The Lady of Shalott Essay

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In the following essay, Plasa examines contradictory representations of women, their sexuality, and their social roles in "The Lady of Shalott."

Tennyson's "The Lady of Shalott" (1842) is often read by critics as a poem centrally concerned with the question of the relation between "art" and "life," conditions respectively symbolized in the worlds of Shalott and "many-towered Camelot." The poem resolves this question, it is usually argued, by the recognition that "life" is inherently antipathetic to the possibility of an ongoing artistic production—an insight taken in turn to be enacted by the death which befalls the Lady who gives the poem its title in the course of her attempted sortie from the one realm of the poem to the other. A paradigmatic formulation of this canonical approach is provided by Walter E. Houghton and G. Robert Stange in their anthology, Victorian Poetry and Poetics (1959). According to their notes...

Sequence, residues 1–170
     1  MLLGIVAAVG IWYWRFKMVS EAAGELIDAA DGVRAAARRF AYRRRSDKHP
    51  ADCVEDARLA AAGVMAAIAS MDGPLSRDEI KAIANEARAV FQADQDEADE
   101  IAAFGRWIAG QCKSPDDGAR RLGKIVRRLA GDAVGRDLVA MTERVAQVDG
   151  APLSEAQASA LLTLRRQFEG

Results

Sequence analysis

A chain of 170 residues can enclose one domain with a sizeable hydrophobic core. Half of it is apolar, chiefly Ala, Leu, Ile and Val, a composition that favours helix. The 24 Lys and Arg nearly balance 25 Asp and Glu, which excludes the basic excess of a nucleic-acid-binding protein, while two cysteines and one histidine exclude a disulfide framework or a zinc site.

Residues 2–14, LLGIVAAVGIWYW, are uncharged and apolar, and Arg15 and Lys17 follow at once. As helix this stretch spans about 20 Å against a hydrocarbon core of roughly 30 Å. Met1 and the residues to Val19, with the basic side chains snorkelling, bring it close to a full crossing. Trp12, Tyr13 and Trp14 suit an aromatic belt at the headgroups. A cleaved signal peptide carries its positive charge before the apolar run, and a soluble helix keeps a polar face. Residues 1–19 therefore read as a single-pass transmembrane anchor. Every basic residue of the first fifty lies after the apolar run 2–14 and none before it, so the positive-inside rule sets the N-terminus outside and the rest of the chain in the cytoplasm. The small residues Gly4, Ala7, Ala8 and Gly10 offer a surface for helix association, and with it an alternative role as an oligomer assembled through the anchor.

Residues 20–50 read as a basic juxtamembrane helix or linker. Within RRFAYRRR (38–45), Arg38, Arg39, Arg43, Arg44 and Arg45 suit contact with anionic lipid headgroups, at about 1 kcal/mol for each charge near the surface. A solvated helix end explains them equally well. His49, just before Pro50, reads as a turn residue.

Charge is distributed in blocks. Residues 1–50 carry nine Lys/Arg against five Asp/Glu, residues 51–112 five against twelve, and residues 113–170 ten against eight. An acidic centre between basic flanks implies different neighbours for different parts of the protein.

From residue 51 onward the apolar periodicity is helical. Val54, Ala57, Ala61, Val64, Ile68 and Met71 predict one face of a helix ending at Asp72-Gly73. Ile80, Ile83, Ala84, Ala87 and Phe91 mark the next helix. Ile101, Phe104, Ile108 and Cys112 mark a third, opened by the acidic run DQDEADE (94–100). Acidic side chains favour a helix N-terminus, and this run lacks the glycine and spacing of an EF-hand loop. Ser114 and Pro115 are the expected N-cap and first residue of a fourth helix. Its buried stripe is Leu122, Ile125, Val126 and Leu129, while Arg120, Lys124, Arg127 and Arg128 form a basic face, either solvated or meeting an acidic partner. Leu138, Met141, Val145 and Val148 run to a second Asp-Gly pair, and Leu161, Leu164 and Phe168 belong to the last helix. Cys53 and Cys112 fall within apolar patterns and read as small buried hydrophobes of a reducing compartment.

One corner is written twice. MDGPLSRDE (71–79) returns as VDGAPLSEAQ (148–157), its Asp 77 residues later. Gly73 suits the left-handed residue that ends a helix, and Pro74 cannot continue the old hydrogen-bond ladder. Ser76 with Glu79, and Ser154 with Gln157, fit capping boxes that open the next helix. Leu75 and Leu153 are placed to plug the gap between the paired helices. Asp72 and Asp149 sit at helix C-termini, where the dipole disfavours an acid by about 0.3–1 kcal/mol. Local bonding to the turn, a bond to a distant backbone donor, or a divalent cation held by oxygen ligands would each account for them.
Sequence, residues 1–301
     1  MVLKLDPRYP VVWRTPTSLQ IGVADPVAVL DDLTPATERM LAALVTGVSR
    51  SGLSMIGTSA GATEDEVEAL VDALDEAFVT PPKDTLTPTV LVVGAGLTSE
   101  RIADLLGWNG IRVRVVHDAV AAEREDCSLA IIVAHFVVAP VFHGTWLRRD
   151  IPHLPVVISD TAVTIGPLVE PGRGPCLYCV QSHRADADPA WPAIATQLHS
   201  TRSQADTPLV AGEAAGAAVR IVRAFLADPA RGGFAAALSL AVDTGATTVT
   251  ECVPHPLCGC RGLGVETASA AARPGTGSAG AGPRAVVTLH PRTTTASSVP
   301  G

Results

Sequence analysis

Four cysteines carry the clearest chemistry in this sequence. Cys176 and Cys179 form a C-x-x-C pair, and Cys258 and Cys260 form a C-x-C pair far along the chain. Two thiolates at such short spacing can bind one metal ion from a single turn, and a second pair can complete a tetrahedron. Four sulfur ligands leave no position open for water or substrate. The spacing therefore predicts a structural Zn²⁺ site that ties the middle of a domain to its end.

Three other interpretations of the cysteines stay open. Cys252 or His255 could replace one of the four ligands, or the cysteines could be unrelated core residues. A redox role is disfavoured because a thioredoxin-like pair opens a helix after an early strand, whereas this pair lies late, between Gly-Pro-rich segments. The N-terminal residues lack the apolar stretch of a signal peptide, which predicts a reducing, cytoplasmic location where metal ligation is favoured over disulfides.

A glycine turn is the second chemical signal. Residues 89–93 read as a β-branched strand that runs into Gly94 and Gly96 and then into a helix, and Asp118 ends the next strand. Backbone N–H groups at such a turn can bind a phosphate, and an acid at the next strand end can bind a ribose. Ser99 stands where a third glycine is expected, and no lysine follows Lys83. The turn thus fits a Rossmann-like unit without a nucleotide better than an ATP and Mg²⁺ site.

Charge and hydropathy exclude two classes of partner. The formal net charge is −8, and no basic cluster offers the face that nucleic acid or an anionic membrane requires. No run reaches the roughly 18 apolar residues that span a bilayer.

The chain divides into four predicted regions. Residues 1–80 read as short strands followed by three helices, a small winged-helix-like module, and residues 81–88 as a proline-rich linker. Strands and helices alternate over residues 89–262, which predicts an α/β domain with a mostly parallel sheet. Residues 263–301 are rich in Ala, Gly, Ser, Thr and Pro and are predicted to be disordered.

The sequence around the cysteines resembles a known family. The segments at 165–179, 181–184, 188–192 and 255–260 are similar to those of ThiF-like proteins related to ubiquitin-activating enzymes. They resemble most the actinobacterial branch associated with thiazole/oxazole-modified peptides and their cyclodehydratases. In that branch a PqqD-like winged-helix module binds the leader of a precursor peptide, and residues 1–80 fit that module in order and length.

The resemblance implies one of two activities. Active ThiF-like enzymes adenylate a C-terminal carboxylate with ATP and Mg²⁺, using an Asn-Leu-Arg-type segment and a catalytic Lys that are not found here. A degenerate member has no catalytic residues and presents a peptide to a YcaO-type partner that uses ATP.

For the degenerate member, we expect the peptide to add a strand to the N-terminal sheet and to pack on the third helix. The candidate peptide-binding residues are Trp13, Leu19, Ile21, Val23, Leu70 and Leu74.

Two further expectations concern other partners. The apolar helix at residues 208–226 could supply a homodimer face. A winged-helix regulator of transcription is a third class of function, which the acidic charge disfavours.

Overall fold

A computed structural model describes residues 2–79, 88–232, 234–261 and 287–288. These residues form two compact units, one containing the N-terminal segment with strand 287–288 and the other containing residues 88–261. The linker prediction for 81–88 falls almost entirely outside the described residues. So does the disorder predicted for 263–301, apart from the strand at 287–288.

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This section contains 711 words
(approx. 2 pages at 400 words per page)
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The Lady of Shalott from Poetry for Students. ©2005-2006 Thomson Gale, a part of the Thomson Corporation. All rights reserved.